Beaulieu has an unparalleled collection of Rolls-Royces by virtue of the Montagu family connection with its founders. Motoring pioneer John, 2nd Baron Montagu opened the first Rolls-Royce factory and his personal secretary and secret mistress Eleanor Thornton was a muse for Charles Sykes, who designed the Rolls-Royce Spirit of Ecstasy mascot.
A third car has also joined The Luxury of Motoring display. Just back from Retromobile in Paris is the 1913 Argyll 15/30hp. Although over a century older than the Rolls-Royces, it was just as cutting-edge in its heyday. An exceptionally well-engineered machine, the Scottish-built Argyll was notable for sophisticated features such as brakes on all four wheels and its 4084cc sleeve-valve engine. Inside, its sumptuous interior ensured that rear seat passengers rode in comfort as they were chauffeured to their destination.
This privately-owned car was originally a wedding gift from a husband to his wife and has remained in the same family ever since. Many decades later, it became one of the first historic vehicles to be restored in the National Motor Museum’s restoration workshop.
The Luxury of Motoring not only showcases a selection of the most luxurious cars ever built but tells the story of their design, the people who owned them and the chauffeurs who drove them. Spanning the golden age of luxury motoring to today’s aspirational cars, perceptions of taste and class are themes that are explored through a range of fascinating objects, films and rarely seen images from the National Motor Museum Trust’s archives.
At the glittering heart of the display is a centrepiece of 28 Lalique glass car mascots on show together for the first time. The owner of the private collection chose the National Motor Museum as the home of motoring and therefore the perfect setting to showcase his treasures. From the light radiating, delicate veined wings of a dragonfly to the heartiest falcon mascot with its thick, tapered neck which fits tightly into the mount, the collection includes majestic animals and human forms that bring art into everyday life. The collection is on loan courtesy of Dawson’s Auctioneers & Valuers at Maidenhead.
To celebrate the new gallery, why not enter a competition to say What makes your car luxury? Whether it’s fluffy dice and cushions or a must-have Mercedes, share pictures of what makes your car special. To enter, share your pictures and suggestions on Twitter @Beaulieu_Hants, Facebook at /nationalmotormuseum, Instagram @national_motor_museum or on email to email@example.com. See www.beaulieu.co.uk/the-luxury-of-motoring/ for more details. The winner will be invited for a VIP behind-the-scenes tour of Beaulieu with exclusive access to areas of the National Motor Museum not usually open to visitors.
The Luxury of Motoring display can be seen as part of a visit to Beaulieu. A ticket to Beaulieu includes entry to the National Motor Museum with its collection of more than 250 vehicles from throughout motoring history, the new-look World of Top Gear, On Screen Cars, the ancestral Montagu family home of Palace House, 13th century Beaulieu Abbey and the stunning grounds and gardens. Tickets can be bought in advance online. For tickets or more information see www.beaulieu.co.uk or call 01590 612345.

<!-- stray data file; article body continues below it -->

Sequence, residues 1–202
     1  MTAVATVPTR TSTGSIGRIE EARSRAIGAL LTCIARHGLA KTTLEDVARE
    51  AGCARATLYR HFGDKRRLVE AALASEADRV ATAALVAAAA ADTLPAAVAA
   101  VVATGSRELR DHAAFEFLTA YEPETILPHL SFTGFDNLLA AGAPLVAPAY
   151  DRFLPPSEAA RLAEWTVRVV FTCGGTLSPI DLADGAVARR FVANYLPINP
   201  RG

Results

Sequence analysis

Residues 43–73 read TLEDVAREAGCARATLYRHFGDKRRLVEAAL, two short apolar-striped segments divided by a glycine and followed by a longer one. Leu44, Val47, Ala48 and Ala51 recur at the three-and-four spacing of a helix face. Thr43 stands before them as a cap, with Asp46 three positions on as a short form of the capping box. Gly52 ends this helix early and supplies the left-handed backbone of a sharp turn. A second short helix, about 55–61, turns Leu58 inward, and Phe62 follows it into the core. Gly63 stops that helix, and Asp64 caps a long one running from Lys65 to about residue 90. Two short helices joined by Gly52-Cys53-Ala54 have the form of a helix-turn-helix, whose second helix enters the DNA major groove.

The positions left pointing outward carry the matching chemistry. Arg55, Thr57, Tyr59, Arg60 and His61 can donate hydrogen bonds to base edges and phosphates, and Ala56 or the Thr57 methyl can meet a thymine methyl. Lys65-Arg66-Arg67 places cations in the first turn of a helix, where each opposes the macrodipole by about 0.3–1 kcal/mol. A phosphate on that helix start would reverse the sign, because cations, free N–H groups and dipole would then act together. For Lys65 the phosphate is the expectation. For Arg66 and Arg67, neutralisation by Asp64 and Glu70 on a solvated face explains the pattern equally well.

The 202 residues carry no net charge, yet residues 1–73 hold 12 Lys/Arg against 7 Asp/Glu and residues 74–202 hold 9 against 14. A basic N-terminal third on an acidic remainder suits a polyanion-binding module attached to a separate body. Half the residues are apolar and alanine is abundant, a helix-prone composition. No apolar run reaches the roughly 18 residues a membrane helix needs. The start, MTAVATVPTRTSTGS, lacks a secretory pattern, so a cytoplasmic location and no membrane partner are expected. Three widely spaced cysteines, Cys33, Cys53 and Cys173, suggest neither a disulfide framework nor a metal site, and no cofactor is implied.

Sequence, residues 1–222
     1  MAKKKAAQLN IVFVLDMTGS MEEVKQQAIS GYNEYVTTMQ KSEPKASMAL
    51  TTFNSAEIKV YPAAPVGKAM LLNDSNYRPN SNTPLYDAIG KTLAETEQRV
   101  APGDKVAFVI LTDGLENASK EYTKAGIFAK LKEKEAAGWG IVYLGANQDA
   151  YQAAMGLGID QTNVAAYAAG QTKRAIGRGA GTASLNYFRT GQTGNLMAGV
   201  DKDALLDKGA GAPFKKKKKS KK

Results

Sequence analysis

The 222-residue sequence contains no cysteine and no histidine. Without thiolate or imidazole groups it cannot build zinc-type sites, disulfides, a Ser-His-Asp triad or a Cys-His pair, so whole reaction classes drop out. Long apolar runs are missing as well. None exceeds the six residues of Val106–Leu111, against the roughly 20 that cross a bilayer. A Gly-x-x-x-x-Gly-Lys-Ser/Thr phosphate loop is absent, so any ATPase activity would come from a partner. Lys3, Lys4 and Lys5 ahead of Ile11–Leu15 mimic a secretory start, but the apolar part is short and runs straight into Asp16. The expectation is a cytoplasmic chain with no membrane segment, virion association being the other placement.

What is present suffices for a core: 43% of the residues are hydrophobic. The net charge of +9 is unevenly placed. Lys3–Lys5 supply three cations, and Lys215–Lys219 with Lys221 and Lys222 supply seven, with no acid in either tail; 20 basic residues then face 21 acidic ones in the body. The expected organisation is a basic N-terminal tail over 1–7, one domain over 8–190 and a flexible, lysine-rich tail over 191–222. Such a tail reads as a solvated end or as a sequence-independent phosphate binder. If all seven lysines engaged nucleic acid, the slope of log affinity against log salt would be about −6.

Written by Kari Herbert
In a nutshell
The grand family home of the motoring-mad Montagu family in the New Forest and the site of one of the finest collections of cars, motorbikes and motoring memorabilia in the world. There are more than 250 vehicles on display, from early motor carriages and 1920s “gangster” cars to legendary land-speed record breakers and motoring marvels, such as a giant orange on wheels. There’s also a full-size caravan made from Lego and familiar TV show cars, too, such as Del Boy’s Reliant Regal from Only Fools and Horses and Wallace and Gromit’s Anti-Pesto van.
There are costumes to try on, cars to climb into, knobs to turn and buttons to press and a new interactive crash-test-dummy challenge. Jack Tucker’s garage recreates the sounds and smells of the 1930s and in the “World of Top Gear” there’s all sorts of crazy contraptions created for the TV show.
Beaulieu was a top secret base for special agents during the second world war. More than 3,000 spies were trained here before undertaking daring missions behind enemy lines.
Best thing(s) about it.
The monorail at the museum. We loved riding the monorail high above the gardens of the abbey and, ingeniously, through the roof of the motor museum itself. But getting up close to the original Chitty Chitty Bang Bang was our daughter’s favourite.
The abbey and the gardens are stunning, and have a brilliant new Alice in Wonderland topiary display. There are fascinating exhibits for budding spies in the Secret Army exhibition and in Palace House costumed guides make you feel as though you are guests of the family – you may even see the cook rustling up a favourite family dish in the newly-restored Victorian kitchen.